A memorial is being held for a New Zealander who spent most of his life as a loving partner, caring father and an icon of the LGBT community.
Thomas the goose died 6 February at almost 40 years old and is being buried beside his partner on Saturday.
“Thomas has been such an iconic and well-loved bird,” said Craig Shepherd, who runs the Wellington Bird Rehabilitation Trust where Thomas spent his last years. “It’s lovely that he is going to be buried where he spent most of his life.”
But how exactly did a goose end up an icon?
A love triangle
It all started around 1990 when a black swan named Henrietta flew in to the Waimanu lagoon, located in a small town on New Zealand’s Kapiti Coast.
Due to a damaged wing, she was unable to fly with the other swans and was often alone until a few years later when a white goose named Thomas arrived. The duo quickly formed a bond and Thomas was very protective of Henrietta, even scaring off any humans or dogs that came near her.
But after 18 blissful years together, a new young female swan entered the equation and was often spotted with Henrietta. No one thought much of it, assuming that they were both females.
The shocker came when the new swan laid an egg. It turned out that Henrietta was in fact a male swan who had mated with the new female swan.
“It’s very hard to establish the gender of mature black swans,” said Michael Peryer, the tour guide at the Waikanae Estuary where the lagoon is located. “So it turned out in fact that Thomas and Henrietta – who was really a Henry – had 18 happy gay years together.”
Henrietta was re-named Henry, and the new young swan was given the name Henrietta.
Naturally, Thomas the goose was not too pleased that someone had stolen his mate.
“He got really aggressive and started beating the swans up. But once their eggs hatched he changed completely and took to those babies like they were his own,” said Mr Peryer.
Henry and Henrietta went on to have 68 cygnets over the next six years.
Thomas decided to stick around with the duo where he played the role of a doting uncle, helping raise the swans, teaching them how to fly and taking care of them when their parents did not.
“It’s so unusual to have two different species combining so intimately to raise a species,” added Mr Peryer.
In 2009, Henry the black swan died due to old age. It wasn’t long before Henrietta flew off with another bird and Thomas was left alone.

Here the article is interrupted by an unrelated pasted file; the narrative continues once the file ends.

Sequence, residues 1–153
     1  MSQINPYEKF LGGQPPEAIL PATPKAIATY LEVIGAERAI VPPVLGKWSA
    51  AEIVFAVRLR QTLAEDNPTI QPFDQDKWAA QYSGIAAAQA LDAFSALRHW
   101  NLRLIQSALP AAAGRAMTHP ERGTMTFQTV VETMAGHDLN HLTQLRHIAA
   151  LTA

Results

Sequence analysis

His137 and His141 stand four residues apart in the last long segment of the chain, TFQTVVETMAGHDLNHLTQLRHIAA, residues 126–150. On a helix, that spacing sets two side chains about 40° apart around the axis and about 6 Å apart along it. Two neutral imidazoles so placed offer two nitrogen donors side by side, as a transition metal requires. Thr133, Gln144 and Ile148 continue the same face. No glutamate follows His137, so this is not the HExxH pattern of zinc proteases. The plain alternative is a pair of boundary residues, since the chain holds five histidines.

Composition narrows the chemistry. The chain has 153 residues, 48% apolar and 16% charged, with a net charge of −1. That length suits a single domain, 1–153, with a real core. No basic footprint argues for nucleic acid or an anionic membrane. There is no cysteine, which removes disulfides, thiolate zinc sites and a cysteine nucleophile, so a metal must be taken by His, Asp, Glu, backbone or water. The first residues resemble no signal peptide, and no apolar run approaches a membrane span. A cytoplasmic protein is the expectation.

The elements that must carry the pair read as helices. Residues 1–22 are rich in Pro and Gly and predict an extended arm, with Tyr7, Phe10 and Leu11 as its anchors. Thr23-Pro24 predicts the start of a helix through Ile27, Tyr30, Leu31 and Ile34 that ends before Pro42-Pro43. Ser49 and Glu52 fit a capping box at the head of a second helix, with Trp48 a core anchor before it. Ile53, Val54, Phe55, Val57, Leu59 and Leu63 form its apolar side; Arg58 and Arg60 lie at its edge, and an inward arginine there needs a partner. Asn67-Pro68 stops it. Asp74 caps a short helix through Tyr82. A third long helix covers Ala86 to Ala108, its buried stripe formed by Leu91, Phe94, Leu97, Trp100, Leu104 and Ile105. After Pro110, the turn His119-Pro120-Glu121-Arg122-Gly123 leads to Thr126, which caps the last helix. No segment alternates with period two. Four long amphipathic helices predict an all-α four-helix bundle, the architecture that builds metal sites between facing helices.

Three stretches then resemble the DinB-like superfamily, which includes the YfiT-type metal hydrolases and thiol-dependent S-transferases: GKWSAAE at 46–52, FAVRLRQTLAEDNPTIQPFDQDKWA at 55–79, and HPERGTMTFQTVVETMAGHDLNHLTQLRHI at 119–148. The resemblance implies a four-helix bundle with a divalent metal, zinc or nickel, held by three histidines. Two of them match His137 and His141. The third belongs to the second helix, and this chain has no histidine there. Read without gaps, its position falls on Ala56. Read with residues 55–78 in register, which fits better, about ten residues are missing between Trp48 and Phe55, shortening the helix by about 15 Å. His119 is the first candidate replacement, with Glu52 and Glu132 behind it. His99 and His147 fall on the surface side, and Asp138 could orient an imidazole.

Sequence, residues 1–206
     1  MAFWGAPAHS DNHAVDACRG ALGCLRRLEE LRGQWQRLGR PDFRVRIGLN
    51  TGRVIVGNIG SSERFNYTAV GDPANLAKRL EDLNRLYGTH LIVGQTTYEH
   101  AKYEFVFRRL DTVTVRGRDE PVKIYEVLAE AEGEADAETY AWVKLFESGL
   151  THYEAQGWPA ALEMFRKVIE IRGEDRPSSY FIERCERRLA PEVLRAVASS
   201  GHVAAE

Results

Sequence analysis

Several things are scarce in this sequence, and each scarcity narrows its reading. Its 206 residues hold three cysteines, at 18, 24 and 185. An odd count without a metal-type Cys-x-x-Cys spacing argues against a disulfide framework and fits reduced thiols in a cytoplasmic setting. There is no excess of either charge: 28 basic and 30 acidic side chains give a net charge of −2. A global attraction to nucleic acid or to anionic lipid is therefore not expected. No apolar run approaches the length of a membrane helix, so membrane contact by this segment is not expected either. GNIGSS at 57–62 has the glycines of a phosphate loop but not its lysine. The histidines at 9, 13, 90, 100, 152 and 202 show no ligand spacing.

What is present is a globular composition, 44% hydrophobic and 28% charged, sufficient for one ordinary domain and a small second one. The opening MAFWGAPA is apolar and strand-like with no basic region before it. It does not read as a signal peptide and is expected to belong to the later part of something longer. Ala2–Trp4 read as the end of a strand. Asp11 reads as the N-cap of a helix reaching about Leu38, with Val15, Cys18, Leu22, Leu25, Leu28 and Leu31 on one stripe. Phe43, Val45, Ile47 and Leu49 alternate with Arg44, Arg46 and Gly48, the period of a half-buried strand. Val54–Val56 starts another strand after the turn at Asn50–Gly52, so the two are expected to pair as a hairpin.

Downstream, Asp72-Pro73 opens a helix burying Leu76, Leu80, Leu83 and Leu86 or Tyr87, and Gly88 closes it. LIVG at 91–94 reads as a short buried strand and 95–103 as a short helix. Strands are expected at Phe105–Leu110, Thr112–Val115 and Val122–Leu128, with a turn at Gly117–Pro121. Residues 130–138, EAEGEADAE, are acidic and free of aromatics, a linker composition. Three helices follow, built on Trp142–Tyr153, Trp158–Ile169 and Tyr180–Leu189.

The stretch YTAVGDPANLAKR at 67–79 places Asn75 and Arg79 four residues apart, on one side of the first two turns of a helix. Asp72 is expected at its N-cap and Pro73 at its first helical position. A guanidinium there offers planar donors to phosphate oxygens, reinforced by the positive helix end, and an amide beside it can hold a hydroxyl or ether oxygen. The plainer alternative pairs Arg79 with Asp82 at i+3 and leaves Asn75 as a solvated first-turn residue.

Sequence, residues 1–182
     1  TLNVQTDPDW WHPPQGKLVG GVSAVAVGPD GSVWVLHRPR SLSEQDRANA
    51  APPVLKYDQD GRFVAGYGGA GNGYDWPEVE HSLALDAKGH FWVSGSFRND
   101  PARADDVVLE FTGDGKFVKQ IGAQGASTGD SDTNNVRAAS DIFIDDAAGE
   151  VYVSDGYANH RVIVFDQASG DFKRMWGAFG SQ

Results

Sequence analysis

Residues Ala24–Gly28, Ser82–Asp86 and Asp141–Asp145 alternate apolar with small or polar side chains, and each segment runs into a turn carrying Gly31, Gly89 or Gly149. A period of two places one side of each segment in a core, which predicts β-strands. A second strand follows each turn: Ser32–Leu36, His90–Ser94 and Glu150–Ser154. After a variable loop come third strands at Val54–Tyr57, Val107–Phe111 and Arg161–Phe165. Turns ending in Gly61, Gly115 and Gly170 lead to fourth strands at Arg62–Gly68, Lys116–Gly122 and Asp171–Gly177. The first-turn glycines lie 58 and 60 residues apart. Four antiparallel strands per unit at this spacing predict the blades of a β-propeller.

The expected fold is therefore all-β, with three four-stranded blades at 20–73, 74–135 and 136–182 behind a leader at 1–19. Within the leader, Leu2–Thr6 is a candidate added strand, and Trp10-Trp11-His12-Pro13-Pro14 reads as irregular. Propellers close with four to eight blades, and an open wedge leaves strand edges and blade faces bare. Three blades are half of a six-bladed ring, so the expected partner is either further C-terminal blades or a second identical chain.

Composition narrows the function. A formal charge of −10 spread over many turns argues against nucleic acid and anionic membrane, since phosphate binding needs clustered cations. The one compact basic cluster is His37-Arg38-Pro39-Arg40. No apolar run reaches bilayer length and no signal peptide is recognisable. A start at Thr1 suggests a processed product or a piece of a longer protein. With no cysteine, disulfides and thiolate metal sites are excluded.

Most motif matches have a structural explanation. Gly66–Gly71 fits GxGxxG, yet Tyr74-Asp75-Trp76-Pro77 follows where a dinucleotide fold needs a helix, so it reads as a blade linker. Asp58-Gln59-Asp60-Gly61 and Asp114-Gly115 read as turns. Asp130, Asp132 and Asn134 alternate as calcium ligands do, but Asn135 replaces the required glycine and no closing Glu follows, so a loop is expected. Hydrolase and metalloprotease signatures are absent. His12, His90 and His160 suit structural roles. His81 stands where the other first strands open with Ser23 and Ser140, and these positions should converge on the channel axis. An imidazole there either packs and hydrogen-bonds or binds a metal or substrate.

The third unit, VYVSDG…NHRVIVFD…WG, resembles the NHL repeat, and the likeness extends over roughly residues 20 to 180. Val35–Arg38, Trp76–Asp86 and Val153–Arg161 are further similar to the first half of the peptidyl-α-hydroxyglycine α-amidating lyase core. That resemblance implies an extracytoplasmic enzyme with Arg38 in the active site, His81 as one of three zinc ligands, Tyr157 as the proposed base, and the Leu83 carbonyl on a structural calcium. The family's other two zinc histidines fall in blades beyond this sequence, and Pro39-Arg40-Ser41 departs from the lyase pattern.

After a while, Thomas went on to meet a female goose in the estuary, and for the first time – he had 10 babies of his own.
However, his stint as a father was short-lived, as he had his babies stolen by another goose who raised the babies himself.
Thomas’ eyesight soon began to fail him, becoming blind first in one eye and eventually both. He was in 2013 finally relocated to the Wellington Bird Rehabilitation Trust, where he spent the final years of his life.
“He died when he was almost 40 years old, that’s pretty ancient. In human years he would be around 80 years old,” said Mr Peryer.
According to Mr Peryer, it is not uncommon for geese to be bisexual, though he adds that the duo were the only pair in the Waikanae Estuary to mate with the same sex.
It is also not unheard of for geese to mate with swans, with the offspring of a swan and a goose known as a swoose.
Tributes and tears
Thomas, a well-known figure at the estuary, was often visited by tourists who marvelled at how he would follow Henry and Henrietta around.
When news of his death spread, tributes from visitors from as far as Canada and the Netherlands poured in.
“I loved him so much. Many fond memories feeding him his sweet corn every evening,” said one user on Facebook.
“Thomas, I remember meeting you and how amazing you were. Big hugs,” another commented.
Thomas’ memorial on Saturday will see him buried next to Henry the swan.
The event will be marked with a plaque in tribute to Thomas life, with an epitaph by New Zealand performer Pinky Agnew to be inscribed on his tombstone:
Here lies Thomas, the great-hearted goose,
Nestled near Henry, in their final roost,
Here where they raised young, and found sanctuary,
Somewhere above us, these great souls fly free.